Pittsburgh’s image is still in a transition phase“Many people still see Pittsburgh as sorely a manufacturing hub, which is not accurate anymore.”

The city has done a good job adapting what they are given and transforming into an innovation hub. However, although the city may have transformed, the city’s image is still transitioning.

Citizens do not relate public art with the image of the city

When talking about Pittsburgh, people tend to think about its history as the steel city, sports teams, etc. while public art is absent.

Citizens lack connections with public art and are not motivated to“Nobody has ever informed me about public art in the city…I ran into a few but didn’t stop to take a closer look.”

Reframed Problem

How might we include Public Art as part of the city’s image and delightful lifestyle?

3.2 Semi-Constructed Interview

We expanded our HMW statement into several research topics:

  • Understand people’s definition and interpretation of the city’s image
  • Understand how people’s perceptions of the city were formed and what are the essential components
  • Understand what makes the success in the city that already made public art a part of the city’s image
  • Understand people’s main touchpoints with the city
  • Learn about what makes a city attractive

We conducted 5 semi-constructed interviews with residents of Pittsburgh, New York City, and Miami, in order to better understand their perceptions of public art in the city.

Click to view the full interview plan & script
Zoom Interview

3.3 Interpretation & Affinity Diagraming

We gathered and transcribed our interview notes into a list of interpretations. We arranged and sorted them through affinity diagraming, which led us to a couple of insightful findings.

Affinity Diagram made with MURAL

Summary of Insights


Word of mouth is the most common channel of sharing and learning about public art. Social media is a more common channel in larger cities and people tend to keep their art life and personal life separate on social media.


Public art is capable of connecting with younger kids and creating memorable experiences they bring with them into adulthood that impact the way that they view their city.


Through gentrification, a city can be intentionally designed and public art can play a role in creating a new image of the city. New images have the potential to be heavily favored or disliked by locals.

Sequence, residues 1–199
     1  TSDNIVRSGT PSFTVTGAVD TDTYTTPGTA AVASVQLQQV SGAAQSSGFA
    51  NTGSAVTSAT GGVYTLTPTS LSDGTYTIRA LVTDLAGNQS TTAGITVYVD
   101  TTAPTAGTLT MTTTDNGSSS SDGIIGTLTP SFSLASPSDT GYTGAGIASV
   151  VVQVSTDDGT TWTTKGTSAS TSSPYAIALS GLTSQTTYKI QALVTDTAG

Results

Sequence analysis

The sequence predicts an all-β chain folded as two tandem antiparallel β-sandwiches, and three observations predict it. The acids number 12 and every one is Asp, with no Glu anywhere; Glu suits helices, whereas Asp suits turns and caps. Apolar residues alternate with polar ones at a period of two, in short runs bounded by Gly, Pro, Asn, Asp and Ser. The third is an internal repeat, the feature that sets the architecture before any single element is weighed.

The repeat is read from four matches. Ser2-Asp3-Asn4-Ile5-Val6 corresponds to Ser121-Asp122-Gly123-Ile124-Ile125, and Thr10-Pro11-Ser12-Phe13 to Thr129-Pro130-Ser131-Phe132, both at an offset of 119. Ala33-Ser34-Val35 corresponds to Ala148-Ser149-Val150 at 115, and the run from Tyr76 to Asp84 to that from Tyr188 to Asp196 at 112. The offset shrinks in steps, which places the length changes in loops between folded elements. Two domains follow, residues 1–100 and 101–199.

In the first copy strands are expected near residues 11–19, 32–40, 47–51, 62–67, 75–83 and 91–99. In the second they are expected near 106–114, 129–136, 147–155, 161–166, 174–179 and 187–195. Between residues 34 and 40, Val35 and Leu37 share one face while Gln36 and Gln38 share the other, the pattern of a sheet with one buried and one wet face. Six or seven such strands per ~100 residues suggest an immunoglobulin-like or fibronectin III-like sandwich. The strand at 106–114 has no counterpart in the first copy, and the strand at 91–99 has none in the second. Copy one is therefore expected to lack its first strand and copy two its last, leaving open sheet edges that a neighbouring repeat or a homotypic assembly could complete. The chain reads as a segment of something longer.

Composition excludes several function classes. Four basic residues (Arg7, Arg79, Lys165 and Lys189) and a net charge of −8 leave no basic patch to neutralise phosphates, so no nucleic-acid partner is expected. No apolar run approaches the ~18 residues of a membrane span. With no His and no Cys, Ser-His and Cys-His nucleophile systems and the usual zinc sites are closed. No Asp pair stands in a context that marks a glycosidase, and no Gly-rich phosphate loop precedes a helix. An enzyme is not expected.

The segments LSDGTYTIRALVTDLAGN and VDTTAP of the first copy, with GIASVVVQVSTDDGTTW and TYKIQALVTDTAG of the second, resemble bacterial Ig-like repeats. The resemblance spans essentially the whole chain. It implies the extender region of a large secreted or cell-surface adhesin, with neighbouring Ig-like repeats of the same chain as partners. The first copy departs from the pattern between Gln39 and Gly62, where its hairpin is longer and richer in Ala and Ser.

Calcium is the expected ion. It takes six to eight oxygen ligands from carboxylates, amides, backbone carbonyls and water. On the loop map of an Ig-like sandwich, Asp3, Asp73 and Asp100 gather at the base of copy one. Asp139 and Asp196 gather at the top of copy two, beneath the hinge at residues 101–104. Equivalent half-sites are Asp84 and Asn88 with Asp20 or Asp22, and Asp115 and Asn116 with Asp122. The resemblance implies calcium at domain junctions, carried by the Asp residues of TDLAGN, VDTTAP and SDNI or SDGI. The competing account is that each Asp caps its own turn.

In more well-known cities, city insiders tend to experience more of negative side effects. However, city insiders from less well-known cities such as Pittsburgh paint it in a very positive light and think that outsiders are not appreciating all that Pittsburgh has to offer.


City insiders have found public art to be placed very strategically within a city such that it paves the way for the exploration of more public art that the city has to offer.


Public art is capable of connecting with younger kids and creating memorable experiences they bring with them into adulthood that impact the way that they view their city.

3.4 Storyboarding & Speed Dating

We envisioned our solution as something that updates and diversifies the city’s image through active citizen engagement with public art. In the brainstorming session, we generated dozens of ideas through crazy 8’s, and then polished them into storyboards.

We determined a couple of underline user needs in the process:

  • Motivations to explore the public art
  • Following the trends within one’s social circle
  • Opportunities to showcase one’s own art creations

To validate these user needs, we recruited 4 Pittsburgh residents to conduct “speed dating” sessions, where we presented all storyboards in a row and collected their feedback/reactions toward each solution. The focus of the speed dating sessions was to understand people’s preference on functional, emotional, and social framings of the issue, rather than technical details. To learn more, check out our Speed Dating Plan and Guide.

Findings from speed dating:

  • Users can be driven by meaningful rewards to explore public art.
  • Users can get sensitive about the prices/efforts they pay to access the art.
  • Users tend to follow the trends inside their social circles.

We eventually selected the guided walk tour through mobile devices as our solution, as it had the potential to reach the largest number of people and to be the most accessible and engaging.

3.5 Experience Prototyping

In the last session, we prototyped a mobile application where users can easily customize a guided city walking tour with public art highlighted along the way. The user gets rewarded after checking in at each public art spot. We first created it in low fidelity to demonstrate the main features and interaction flows. The prototype was tested with a small group of Pittsburgh residents to gather feedback and validate our solution. Based on the feedback received, we made refinements to our design and iterated to high fidelity.

Low-Fidelity Prototype

High-Fidelity Prototype